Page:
- ↑ 11.0 11.1 Fulton JE Jr, Barnes T. Collagen shrinkage (selective dermaplasty) with the high-energy pulsed carbon dioxide laser. Dermatol Surg. 1998;24(1):37-41. doi:10.1111/j.1524-4725.1998.tb04049.x
- ↑ 12.0 12.1 Walia S, Alster TS. Prolonged clinical and histologic effects from CO2 laser resurfacing of atrophic acne scars. Dermatol Surg. 1999;25(12):926-930. doi:10.1046/j.1524-4725.1999.99115.x
- ↑ 13.0 13.1 Alster TS, Nanni CA, Williams CM. Comparison of four carbon dioxide resurfacing lasers. A clinical and histopathologic evaluation. Dermatol Surg. 1999;25(3):153-159. doi:10.1046/j.1524-4725.1999.08126.x
- ↑ Kaufmann R, Hartmann A, Hibst R. Cutting and skin-ablative properties of pulsed mid-infrared laser surgery. J Dermatol Surg Oncol. 1994;20(2):112-118. doi:10.1111/j.1524-4725.1994.tb00123.x
- ↑ 15.0 15.1 Ross EV, Miller C, Meehan K, et al. One-pass CO2 versus multiple-pass Er:YAG laser resurfacing in the treatment of rhytides: a comparison side-by-side study of pulsed CO2 and Er:YAG lasers. Dermatol Surg. 2001;27(8):709-715. doi:10.1046/j.1524-4725.2001.01015.x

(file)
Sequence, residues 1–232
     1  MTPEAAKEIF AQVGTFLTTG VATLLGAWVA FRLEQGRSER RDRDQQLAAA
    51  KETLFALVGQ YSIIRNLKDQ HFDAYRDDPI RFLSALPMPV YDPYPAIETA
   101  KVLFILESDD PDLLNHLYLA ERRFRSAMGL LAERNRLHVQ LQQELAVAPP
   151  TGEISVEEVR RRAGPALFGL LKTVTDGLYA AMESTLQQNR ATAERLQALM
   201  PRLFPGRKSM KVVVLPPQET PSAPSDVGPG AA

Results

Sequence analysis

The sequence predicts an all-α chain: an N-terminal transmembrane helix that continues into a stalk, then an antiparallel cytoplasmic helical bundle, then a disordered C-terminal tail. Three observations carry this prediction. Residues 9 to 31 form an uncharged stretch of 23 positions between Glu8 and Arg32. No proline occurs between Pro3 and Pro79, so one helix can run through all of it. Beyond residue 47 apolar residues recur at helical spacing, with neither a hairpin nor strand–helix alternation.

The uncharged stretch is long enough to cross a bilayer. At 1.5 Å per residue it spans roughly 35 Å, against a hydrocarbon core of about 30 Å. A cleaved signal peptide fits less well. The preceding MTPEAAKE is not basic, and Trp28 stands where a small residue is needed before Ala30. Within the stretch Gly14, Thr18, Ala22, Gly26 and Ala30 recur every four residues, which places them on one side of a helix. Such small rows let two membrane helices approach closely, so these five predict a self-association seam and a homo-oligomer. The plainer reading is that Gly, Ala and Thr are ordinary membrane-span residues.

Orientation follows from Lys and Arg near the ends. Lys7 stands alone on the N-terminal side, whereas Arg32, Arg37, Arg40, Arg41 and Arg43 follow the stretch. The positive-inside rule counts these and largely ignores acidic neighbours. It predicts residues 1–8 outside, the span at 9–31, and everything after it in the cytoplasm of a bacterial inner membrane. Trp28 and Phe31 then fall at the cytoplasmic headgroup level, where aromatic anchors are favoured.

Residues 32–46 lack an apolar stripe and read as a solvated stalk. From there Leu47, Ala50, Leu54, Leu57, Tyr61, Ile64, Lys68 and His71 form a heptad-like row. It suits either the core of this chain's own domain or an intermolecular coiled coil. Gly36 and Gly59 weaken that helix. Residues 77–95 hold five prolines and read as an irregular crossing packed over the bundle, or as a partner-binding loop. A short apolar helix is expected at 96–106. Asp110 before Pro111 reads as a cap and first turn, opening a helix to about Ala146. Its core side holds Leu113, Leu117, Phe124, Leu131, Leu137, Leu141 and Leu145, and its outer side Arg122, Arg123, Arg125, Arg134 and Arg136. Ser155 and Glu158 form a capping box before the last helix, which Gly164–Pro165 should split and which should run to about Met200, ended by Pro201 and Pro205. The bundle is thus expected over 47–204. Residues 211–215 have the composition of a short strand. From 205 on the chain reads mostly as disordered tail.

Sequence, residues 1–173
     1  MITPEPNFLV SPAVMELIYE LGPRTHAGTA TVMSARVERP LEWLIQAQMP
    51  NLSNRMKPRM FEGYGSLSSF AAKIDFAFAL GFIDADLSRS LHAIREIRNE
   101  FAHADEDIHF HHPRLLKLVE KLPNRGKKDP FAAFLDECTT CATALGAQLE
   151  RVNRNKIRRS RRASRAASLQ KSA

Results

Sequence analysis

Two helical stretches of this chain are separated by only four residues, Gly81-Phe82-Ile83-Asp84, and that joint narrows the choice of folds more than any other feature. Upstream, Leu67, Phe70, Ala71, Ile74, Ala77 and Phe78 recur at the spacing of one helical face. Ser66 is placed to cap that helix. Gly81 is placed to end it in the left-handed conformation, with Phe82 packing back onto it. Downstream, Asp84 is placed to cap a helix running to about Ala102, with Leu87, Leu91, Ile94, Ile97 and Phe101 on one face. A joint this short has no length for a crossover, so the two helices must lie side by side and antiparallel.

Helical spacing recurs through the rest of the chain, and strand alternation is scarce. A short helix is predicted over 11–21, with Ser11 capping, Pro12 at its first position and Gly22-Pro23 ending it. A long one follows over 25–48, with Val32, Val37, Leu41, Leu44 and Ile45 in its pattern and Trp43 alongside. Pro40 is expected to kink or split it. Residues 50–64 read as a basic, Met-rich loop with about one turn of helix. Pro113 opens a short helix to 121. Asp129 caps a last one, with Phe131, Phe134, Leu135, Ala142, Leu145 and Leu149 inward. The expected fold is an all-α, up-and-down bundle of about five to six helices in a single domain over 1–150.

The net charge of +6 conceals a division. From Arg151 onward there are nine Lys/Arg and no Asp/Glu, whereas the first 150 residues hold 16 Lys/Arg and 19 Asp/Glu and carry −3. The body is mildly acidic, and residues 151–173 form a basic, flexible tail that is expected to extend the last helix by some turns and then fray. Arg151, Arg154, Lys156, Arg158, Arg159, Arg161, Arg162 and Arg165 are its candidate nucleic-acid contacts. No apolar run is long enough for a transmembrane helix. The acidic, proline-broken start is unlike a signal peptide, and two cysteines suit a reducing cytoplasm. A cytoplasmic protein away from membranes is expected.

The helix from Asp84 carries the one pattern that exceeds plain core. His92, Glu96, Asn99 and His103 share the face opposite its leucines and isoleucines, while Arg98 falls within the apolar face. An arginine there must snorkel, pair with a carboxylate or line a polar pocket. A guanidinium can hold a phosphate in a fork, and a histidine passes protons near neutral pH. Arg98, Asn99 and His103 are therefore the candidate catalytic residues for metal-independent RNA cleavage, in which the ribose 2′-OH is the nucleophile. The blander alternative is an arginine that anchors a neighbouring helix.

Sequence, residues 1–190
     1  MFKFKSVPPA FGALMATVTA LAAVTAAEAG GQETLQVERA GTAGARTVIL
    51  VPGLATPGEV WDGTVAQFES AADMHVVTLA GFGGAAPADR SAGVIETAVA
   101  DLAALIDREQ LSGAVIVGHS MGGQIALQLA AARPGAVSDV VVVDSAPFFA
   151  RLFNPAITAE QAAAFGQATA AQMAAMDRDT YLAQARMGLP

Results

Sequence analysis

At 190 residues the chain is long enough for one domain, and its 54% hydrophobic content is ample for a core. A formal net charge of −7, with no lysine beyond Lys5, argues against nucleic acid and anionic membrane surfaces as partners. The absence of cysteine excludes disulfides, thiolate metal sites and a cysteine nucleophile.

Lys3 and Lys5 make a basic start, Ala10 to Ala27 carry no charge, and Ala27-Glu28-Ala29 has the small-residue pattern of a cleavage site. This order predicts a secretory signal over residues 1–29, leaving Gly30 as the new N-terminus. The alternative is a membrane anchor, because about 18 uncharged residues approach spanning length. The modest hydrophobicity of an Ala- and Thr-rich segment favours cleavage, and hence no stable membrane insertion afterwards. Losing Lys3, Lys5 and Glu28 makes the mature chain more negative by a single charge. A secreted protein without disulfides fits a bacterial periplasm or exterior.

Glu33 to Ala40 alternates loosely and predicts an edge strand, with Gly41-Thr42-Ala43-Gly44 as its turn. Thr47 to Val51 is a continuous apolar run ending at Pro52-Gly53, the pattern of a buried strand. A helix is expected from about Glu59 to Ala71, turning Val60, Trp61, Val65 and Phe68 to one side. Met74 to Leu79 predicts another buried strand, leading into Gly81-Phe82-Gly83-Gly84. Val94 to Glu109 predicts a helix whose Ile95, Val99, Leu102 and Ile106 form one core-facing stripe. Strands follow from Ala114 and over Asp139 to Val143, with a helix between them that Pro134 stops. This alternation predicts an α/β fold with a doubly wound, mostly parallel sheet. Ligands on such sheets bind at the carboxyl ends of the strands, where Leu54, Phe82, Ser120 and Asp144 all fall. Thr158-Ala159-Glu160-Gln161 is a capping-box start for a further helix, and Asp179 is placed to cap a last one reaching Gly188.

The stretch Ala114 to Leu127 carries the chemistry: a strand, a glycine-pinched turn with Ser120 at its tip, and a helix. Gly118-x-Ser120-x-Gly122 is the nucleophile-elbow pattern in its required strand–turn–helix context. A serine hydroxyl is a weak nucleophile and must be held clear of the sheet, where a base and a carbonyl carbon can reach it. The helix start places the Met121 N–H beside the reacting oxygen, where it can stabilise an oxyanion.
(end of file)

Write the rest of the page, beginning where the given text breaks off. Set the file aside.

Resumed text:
- ↑ 16.0 16.1 Newman JB, Lord JL, Ash K, McDaniel DH. Variable pulse erbium:YAG laser skin resurfacing of perioral rhytides and side-by-side comparison with carbon dioxide laser. Lasers Surg Med. 2000;26(2):208-214. doi:10.1002/(sici)1096-9101(2000)26:2<208::aid-lsm12>3.0.co;2-r
- ↑ Janik JP, Markus JL, Al-Dujaili Z, Markus RF. Laser resurfacing. Semin Plast Surg. 2007;21(3):139-146. doi:10.1055/s-2007-991182 (Save for MOA)
- ↑ Goldman MP, Marchell N, Fitzpatrick RE. Laser skin resurfacing of the face with a combined CO2/Er:YAG laser. Dermatol Surg. 2000;26(2):102-104. doi:10.1046/j.1524-4725.2000.98208.x
- ↑ 19.0 19.1 19.2 Tierney EP, Eisen RF, Hanke CW. Fractionated CO2 laser skin rejuvenation. Dermatol Ther. 2011;24(1):41-53. doi:10.1111/j.1529-8019.2010.01377.x